Reading “Eichmann in Jerusalem,” I immediately found myself wondering what the punishment for Eichmann would be since it is clear he is presumed to be, and is in fact, guilty of these crimes. As I continued reading about these crimes, I began to feel as if there is no punishment fit to his crimes, that no individual can ever receive such a severe punishment for suffering caused against an entire group of people. Ardent addresses these concerns. Some critics against the death penalty state, “The most common arguement was that Eichmann’s deeds defied the possiblity of human punshiment” (250). Others who attempted to address this gap between the severity of the crimes committed and the absence of an equivalent punishment propose more creative punishments such as “Eichmann should have spent the rest of his life at hard labor … (250). However, I feel this would not be fitting as it implies that law has the capability of closing the gap between justice and the crimes committed through various punishments, which I don’t believe is not possible in the case of Eichmann.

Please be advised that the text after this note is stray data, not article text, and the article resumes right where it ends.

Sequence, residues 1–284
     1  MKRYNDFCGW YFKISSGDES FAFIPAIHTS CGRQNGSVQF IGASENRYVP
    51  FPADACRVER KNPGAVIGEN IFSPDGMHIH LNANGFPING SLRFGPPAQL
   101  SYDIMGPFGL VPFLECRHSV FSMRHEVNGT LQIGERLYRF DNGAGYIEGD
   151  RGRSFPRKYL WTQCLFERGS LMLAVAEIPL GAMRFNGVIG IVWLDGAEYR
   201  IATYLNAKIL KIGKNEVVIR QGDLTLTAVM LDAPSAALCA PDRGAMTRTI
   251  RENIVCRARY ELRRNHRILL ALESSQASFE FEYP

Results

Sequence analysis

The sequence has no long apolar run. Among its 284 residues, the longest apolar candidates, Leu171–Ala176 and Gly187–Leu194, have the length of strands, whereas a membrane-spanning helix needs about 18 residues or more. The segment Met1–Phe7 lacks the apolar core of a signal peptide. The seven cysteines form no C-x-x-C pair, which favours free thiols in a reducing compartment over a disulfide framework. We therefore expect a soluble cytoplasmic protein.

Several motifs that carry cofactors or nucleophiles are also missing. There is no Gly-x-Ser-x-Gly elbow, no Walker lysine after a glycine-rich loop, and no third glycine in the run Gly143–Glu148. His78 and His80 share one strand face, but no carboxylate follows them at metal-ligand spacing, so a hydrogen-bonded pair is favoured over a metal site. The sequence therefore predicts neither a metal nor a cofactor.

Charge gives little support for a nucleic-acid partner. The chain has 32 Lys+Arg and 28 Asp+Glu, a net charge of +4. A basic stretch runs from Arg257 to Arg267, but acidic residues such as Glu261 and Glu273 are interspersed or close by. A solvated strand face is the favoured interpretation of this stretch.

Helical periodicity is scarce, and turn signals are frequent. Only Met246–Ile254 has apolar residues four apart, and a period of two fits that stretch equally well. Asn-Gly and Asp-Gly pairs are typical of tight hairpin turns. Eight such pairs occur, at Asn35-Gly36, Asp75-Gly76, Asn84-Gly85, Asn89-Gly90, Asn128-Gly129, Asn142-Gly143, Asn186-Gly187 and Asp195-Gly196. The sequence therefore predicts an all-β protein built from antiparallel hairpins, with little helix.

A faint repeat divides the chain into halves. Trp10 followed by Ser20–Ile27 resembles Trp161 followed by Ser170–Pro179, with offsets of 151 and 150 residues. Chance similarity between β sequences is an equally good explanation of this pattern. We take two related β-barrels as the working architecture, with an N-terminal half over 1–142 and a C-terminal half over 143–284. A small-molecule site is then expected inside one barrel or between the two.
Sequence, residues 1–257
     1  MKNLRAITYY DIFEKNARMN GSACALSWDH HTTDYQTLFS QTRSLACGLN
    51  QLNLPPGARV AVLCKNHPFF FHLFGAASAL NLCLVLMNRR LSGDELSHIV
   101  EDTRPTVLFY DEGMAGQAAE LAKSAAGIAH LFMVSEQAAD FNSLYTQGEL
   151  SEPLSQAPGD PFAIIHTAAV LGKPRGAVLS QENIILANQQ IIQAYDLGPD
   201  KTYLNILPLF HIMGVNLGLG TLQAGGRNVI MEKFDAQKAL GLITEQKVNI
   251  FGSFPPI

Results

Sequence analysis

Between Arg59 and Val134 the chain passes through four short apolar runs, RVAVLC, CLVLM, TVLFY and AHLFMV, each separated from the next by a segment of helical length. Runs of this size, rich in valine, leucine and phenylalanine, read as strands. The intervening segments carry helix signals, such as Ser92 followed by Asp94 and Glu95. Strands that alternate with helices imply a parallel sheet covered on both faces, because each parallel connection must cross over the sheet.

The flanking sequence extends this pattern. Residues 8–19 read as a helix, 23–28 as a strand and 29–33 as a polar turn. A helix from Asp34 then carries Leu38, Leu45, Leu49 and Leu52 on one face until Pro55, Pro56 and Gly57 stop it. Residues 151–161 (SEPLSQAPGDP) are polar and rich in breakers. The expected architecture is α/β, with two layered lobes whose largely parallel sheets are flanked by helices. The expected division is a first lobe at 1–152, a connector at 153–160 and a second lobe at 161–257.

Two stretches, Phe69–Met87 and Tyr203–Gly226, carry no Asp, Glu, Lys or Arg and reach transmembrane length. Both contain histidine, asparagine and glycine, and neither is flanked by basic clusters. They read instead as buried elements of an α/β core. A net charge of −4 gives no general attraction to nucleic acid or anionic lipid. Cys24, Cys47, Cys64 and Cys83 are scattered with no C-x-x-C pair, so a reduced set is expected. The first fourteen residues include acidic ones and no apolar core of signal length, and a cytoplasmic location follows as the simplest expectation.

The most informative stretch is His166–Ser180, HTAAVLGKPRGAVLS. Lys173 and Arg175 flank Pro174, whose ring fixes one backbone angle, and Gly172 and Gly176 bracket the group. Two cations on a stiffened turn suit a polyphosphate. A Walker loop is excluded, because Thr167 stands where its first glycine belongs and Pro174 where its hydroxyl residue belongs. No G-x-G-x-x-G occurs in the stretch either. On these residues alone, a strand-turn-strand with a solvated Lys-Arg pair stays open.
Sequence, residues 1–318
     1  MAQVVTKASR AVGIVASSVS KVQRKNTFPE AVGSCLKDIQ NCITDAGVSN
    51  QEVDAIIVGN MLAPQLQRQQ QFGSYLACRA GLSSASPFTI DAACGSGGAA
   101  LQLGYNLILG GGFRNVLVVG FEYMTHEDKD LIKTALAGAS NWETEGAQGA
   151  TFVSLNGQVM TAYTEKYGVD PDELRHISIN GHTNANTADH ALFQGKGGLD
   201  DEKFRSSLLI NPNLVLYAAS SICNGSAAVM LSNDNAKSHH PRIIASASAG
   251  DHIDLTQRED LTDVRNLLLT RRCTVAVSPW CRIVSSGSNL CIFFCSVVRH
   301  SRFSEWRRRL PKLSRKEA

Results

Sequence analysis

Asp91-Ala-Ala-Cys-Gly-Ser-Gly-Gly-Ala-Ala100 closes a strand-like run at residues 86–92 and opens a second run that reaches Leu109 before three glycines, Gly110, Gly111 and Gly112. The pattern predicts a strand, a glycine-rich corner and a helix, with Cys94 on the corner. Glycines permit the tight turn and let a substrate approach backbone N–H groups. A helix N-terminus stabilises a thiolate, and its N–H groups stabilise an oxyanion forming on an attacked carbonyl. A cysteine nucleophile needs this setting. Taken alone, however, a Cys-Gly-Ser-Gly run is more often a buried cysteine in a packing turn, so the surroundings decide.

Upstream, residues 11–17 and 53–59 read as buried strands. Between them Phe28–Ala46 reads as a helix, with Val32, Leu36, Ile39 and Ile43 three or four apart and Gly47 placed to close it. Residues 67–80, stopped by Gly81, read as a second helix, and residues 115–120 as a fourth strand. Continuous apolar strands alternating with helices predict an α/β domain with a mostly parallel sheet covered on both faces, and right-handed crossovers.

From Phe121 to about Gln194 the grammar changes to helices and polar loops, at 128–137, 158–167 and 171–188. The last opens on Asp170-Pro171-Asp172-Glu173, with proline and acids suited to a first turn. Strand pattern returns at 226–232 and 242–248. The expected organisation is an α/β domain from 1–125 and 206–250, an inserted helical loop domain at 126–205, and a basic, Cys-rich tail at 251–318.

Ardent also addresses those who called this punishment, “unimaginative,” which caught my eye reading because it is synonymous to banal, the essence, Ardent argues, of Eichmann’s evil. Ardent herself does not believe this is a reason to not inflict the death penalty (in her ideal version of the trial in her epilogue, she states he “must hang” (279)). In this framing, I do not think Ardent criticizes the punishment, but rather the trial and audience which failed to explore alternative manners of conduct in the courtroom, such as questioning Eichmann’s testimony of his lack or guilt, lack of hate, and lack of agency in his crimes. Reading this part of the book in particular, it seemed that critics looked for alternative punishments to close this gap between his crime and punishment, when Ardent perhaps wants them to embody this alternative approach to looking at things in trial and future for different ways of measuring justice. As a reader, it seems Ardent wants me to look at the development of the law different going forward, in manners such as the creation of “an international penal law” (273) reckoning with the fact that justice for the victims through punishment of the criminal may not ever be possible in the aftermath WW2 and could occur again.